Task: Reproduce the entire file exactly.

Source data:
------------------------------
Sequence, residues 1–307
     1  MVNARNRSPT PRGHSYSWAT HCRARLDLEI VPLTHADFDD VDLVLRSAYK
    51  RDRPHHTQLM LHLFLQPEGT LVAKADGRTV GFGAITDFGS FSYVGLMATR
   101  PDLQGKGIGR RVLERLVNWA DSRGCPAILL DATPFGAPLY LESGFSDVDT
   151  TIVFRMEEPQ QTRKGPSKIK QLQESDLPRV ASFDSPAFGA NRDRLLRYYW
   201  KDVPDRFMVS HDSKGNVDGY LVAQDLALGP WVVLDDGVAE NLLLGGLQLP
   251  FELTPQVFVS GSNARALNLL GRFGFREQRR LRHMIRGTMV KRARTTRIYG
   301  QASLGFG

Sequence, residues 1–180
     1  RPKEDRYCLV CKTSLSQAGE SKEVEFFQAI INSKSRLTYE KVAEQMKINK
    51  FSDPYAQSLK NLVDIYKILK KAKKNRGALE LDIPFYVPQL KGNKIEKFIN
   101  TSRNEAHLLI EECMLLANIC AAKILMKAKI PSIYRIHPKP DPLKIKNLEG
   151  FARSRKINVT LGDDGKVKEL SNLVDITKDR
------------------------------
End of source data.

Sequence, residues 1–307
     1  MVNARNRSPT PRGHSYSWAT HCRARLDLEI VPLTHADFDD VDLVLRSAYK
    51  RDRPHHTQLM LHLFLQPEGT LVAKADGRTV GFGAITDFGS FSYVGLMATR
   101  PDLQGKGIGR RVLERLVNWA DSRGCPAILL DATPFGAPLY LESGFSDVDT
   151  TIVFRMEEPQ QTRKGPSKIK QLQESDLPRV ASFDSPAFGA NRDRLLRYYW
   201  KDVPDRFMVS HDSKGNVDGY LVAQDLALGP WVVLDDGVAE NLLLGGLQLP
   251  FELTPQVFVS GSNARALNLL GRFGFREQRR LRHMIRGTMV KRARTTRIYG
   301  QASLGFG

Sequence, residues 1–180
     1  RPKEDRYCLV CKTSLSQAGE SKEVEFFQAI INSKSRLTYE KVAEQMKINK
    51  FSDPYAQSLK NLVDIYKILK KAKKNRGALE LDIPFYVPQL KGNKIEKFIN
   101  TSRNEAHLLI EECMLLANIC AAKILMKAKI PSIYRIHPKP DPLKIKNLEG
   151  FARSRKINVT LGDDGKVKEL SNLVDITKDR